'Deal with it' | Employee's rude response to boss after being caught drinking on Zoom call

Employee's rude response to boss after being caught drinking on Zoom call

An employee who told his boss to “deal with it” after being caught drinking on a Zoom call must pay his former employer almost £10,000 after losing an employment tribunal appeal.

Doug Anderson was an engineer with RHEON labs when he was seen drinking beer during a video call.

When questioned about this by his line manager – who happened to be the company’s Chief Operating Officer Tim Brown, Andersen responded by telling him to “deal with it.”

The tribunal also heard that Andersen demonstrated further inappropriate behaviour in the meeting, specifically not contributing on matters he would be expected to contribute on, being cynical with laughter and, ultimately, turning off his camera.

He was given a final written warning following the incident, which occurred in March 2021 during the UK’s third national lockdown. He was suspended months later over his alleged behaviour towards university students who were on placement with RHEON.

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The students said Andersen, who was supposed to be their mentor, showed a “lack of care” and was “rude and negative".

Andersen was sacked following an investigation into his behaviour.

He launched an appeal process against RHEON Labs for unfair dismissal, but the employment judge ruled against him. Instead, he has been ordered to pay almost £10,000 to cover the company's legal bills for what was described as a ‘vexatious’ appeal claim.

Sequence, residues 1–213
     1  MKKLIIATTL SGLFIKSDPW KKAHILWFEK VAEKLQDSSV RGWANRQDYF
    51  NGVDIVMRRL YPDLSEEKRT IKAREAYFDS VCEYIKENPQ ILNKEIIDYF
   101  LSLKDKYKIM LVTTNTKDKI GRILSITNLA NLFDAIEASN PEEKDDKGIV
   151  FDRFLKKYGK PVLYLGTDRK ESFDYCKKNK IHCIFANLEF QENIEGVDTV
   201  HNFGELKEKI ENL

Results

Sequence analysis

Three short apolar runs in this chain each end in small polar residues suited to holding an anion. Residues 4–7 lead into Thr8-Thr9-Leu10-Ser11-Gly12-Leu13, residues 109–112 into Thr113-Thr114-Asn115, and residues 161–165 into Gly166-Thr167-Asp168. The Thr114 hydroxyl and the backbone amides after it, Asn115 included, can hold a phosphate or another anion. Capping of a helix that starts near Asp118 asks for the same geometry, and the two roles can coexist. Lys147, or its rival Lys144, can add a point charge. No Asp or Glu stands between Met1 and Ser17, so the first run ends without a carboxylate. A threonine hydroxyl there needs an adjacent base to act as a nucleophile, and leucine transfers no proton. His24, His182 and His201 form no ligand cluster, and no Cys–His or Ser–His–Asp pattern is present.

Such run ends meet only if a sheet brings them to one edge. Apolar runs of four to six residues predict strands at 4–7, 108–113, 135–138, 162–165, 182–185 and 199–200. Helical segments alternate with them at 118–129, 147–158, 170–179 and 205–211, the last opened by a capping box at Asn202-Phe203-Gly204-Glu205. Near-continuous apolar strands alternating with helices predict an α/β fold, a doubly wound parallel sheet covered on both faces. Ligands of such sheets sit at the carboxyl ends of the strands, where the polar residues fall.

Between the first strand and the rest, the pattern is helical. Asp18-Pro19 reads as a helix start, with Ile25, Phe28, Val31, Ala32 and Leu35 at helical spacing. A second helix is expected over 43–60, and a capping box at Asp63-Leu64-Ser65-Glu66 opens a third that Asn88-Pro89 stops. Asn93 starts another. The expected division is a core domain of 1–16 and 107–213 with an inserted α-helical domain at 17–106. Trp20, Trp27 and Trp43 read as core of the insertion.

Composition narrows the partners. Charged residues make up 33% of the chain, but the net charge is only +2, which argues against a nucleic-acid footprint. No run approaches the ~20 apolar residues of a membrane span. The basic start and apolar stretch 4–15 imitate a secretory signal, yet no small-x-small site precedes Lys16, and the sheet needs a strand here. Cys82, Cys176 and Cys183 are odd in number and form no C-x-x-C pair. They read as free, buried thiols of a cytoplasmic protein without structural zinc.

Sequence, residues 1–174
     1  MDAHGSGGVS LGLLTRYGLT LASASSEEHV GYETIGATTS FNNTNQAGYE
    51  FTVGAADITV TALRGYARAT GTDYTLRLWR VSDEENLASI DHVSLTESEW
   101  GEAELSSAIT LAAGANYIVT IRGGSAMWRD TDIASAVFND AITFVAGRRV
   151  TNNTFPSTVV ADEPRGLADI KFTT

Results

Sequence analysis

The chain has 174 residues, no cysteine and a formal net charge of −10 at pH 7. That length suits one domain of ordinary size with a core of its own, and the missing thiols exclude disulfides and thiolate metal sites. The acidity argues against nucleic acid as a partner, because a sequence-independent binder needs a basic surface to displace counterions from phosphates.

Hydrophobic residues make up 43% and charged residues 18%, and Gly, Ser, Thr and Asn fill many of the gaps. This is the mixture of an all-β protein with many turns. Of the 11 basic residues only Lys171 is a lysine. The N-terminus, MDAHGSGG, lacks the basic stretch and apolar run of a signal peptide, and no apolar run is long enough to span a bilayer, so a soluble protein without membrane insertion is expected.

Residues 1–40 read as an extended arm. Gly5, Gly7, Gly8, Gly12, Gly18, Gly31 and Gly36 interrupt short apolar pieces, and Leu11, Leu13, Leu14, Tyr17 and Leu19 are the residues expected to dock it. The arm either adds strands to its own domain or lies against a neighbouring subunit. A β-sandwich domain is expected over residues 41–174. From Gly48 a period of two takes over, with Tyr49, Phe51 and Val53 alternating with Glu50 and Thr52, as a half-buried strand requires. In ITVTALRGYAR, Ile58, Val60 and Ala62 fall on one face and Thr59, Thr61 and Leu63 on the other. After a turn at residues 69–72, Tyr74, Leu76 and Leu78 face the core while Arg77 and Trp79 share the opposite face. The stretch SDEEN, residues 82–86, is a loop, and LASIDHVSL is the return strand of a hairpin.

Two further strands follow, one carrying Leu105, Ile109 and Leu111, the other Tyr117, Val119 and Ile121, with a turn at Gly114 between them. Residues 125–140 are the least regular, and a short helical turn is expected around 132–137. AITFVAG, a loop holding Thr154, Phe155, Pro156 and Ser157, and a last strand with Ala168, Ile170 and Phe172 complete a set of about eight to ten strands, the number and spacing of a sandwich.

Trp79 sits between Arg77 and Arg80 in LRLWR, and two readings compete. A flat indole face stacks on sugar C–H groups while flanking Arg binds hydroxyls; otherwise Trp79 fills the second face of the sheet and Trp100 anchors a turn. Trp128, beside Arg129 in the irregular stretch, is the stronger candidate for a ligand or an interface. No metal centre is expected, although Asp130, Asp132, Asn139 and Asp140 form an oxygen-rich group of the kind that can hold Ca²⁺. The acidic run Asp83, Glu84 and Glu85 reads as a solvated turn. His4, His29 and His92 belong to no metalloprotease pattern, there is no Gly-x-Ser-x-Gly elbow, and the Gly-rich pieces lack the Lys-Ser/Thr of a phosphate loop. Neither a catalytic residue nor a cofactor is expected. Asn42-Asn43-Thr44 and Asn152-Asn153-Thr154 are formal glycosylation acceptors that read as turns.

Employment judge Abbott ruled: “On the afternoon of Friday 5 March 2021 an incident took place on a company Zoom meeting."

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“Mr Andersen was observed to be drinking beer on the call and was challenged by Mr Brown.

“I find Mr Brown's evidence that Mr Andersen responded along the lines of "deal with it" to be a reliable account.”

The judge said that his drinking on a Zoom call was “inappropriate”, and ruled his sacking was fair.

He must pay £9,965 in costs to RHEON.

The perils of poor digital etiquette

Andersen is far from the first employee to face the repercussions of their behaviour during digital work events. In fact, a quarter of bosses have admitted to sacking an employee because of a ‘Zoom blunder’.

The study from Wakefield Research, which questioned more than 200 US executives with a minimum seniority of Vice President at companies of 500+ employees, found that one in four bosses had indeed dismissed a worker over a mistake they made on a video call.

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83% of those surveyed said workers have been disciplined for mistakes in company video or audio meetings. Measures included losing the responsibility of steering a meeting or formal and informal reprimands. One-third were removed from projects, according to the findings.

Additionally, 91% of respondents reported some kind of mishap that interfered with a virtual meeting, including not being able to share information or employees showing up late because of technical glitches, according to the survey which was commissioned by Vyopta.